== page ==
There’s a world of activity going on at Piedmont Triad International Airport (PTIA), with a golf course being converted into more aviation megasite land, runway and terminal renovations, and the ground breaking for the new supersonic jet factory.
However, while so much of the news from PTIA is terrific on many fronts, passenger traffic is an area where the airport continues to face challenges. Newly released passenger stats from the Piedmont Triad Airport Authority – the board that runs the airport – showed an unwelcome drop in passenger traffic for December 2022 when compared with December 2021.
According to the latest numbers, passenger traffic in and out of PTIA was down 4 percent in December 2022 compared with December 2021.
Airport officials also like to compare new monthly passenger numbers with the numbers for the same month prior to when the COVID-19 pandemic hit and decimated air travel.
For PTIA, the number of passengers for December 2022 versus 2019 dropped 28 percent. One milestone the Airport Authority members want to see is passenger traffic finally surpassing the number for the same month pre-pandemic. That 28 percentage point drop means that the almost chimeric goal is getting further out of reach.
The amount of cargo coming in and out of PTIA has been a bright spot during the pandemic and in the months following. However, in December 2022, the amount of cargo at PTIA was down 14 percent compared with December 2021. Some of that is no doubt attributable to a slowing economy.
On a more positive note, when looked at for the year, cargo was up 2 percent in 2022 compared with the previous year, and passenger traffic was up 25 percent on an annual basis.
Also on a positive note, cargo for December 2022 versus the pre-pandemic 2019 December was up 36 percent.
In other stats released by PTIA this week, the total departing seats scheduled for February 2023 (with or without people in those seats) is 84,186, down less than 1 percent compared with February 2022, but down 17 percent compared with February 2019.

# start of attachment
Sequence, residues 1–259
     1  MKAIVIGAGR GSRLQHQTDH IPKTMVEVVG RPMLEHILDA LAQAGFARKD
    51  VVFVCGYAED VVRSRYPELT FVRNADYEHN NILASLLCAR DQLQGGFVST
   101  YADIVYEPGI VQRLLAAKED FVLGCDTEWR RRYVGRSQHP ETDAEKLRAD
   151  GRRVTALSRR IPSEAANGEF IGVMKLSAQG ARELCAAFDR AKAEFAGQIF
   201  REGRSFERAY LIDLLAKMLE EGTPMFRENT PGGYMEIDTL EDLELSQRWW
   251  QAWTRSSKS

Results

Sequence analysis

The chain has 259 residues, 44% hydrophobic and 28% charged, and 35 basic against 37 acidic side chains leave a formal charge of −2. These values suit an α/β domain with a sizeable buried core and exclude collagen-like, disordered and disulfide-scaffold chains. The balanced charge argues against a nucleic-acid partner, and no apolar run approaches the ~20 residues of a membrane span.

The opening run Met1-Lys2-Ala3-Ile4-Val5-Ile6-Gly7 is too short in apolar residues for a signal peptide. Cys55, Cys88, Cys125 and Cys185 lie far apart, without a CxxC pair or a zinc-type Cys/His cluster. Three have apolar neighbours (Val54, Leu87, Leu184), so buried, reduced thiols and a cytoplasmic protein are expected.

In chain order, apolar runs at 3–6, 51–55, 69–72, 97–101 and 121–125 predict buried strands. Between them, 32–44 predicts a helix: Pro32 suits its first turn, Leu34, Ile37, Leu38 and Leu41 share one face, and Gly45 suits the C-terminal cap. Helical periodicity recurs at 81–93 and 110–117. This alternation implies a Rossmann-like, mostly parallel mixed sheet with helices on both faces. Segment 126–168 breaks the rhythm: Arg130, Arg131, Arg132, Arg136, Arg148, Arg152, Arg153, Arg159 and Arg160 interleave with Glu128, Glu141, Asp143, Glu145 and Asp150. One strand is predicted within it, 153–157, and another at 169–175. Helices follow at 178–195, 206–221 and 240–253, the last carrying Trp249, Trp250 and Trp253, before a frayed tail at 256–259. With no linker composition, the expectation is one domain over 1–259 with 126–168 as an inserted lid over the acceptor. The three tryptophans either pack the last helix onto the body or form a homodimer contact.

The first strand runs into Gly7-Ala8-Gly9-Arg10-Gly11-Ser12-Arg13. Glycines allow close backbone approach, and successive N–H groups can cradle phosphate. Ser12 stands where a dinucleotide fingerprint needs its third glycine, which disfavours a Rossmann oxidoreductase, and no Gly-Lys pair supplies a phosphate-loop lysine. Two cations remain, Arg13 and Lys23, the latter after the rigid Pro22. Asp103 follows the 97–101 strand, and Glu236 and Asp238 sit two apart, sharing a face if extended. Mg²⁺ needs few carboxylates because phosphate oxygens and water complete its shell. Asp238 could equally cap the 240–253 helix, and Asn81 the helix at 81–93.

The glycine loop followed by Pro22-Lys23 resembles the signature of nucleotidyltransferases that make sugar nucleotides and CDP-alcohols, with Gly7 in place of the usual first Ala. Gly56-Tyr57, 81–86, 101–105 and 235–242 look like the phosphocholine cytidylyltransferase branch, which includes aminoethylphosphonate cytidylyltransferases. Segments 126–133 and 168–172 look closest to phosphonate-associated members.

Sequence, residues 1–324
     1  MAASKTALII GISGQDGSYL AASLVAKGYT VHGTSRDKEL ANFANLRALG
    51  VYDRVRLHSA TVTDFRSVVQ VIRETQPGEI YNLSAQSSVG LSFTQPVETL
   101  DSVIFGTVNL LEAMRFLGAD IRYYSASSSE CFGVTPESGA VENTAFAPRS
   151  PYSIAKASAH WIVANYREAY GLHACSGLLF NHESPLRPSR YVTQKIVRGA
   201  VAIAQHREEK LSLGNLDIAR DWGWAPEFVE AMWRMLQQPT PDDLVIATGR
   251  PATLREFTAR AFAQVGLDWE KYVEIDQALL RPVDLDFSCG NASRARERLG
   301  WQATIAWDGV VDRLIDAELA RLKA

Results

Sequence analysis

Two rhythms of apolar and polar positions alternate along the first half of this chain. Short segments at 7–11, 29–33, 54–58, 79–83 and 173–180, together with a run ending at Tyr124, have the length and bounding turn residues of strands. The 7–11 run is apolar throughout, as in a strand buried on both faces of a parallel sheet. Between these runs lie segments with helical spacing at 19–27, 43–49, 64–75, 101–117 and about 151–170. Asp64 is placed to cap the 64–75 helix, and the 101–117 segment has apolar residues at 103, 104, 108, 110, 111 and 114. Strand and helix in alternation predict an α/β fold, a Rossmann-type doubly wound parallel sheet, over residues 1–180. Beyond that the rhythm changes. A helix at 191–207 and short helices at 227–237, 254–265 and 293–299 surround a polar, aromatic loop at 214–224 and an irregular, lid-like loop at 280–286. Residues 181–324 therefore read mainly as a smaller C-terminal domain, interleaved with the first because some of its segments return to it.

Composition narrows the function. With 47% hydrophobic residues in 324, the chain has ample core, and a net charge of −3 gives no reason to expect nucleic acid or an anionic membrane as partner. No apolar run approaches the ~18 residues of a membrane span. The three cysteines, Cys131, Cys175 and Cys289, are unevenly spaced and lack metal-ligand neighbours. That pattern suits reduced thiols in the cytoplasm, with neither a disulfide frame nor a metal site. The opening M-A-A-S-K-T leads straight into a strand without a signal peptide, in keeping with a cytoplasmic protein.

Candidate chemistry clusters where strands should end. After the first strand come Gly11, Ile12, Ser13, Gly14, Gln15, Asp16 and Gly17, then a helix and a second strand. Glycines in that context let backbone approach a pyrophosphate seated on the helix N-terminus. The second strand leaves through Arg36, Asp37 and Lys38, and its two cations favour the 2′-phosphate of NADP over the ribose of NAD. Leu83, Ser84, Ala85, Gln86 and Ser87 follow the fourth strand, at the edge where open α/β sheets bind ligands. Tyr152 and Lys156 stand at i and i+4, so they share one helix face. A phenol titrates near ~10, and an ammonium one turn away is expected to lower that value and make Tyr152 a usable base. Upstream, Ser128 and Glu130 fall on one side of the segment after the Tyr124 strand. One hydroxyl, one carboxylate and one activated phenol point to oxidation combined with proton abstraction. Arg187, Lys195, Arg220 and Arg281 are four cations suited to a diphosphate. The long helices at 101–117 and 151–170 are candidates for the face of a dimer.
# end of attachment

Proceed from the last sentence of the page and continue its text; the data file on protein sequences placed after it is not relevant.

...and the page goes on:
Also, the “load factor” – that is, the average percentage of airplane seats departing the airport with passengers in them – was 85 percent in October 2022.
That’s 5 percentage points higher than October 2021 and 6 points higher than October 2019.
The cost and of commercial flights. The undependability and aggravation of the “service”. The cost of tourism. The destruction of purchasing power.
It’s a good thing that we have a good industrial base around the Airport, & nearby. Otherwise, GSO would be a puddle-jump stop.
Having read some of my recent posts, you would know that I detest the Cattle-Chute Commercial Carriers.
You can still get cheaper and better connections at RDU
Can someone (anyone) please tell me what is international about Piedmont Triad International Airport?
I am a flight attendant and if an airport has international in its name it means that the airport is offically approved as a point of entry into the country.
Flew the second week of January out of……yup RDU. They are building an aircraft out there that will never service a route from PTIA. Freight and aircraft service industry will keep PTI alive.
4% drop is trivial – indicative of nothing.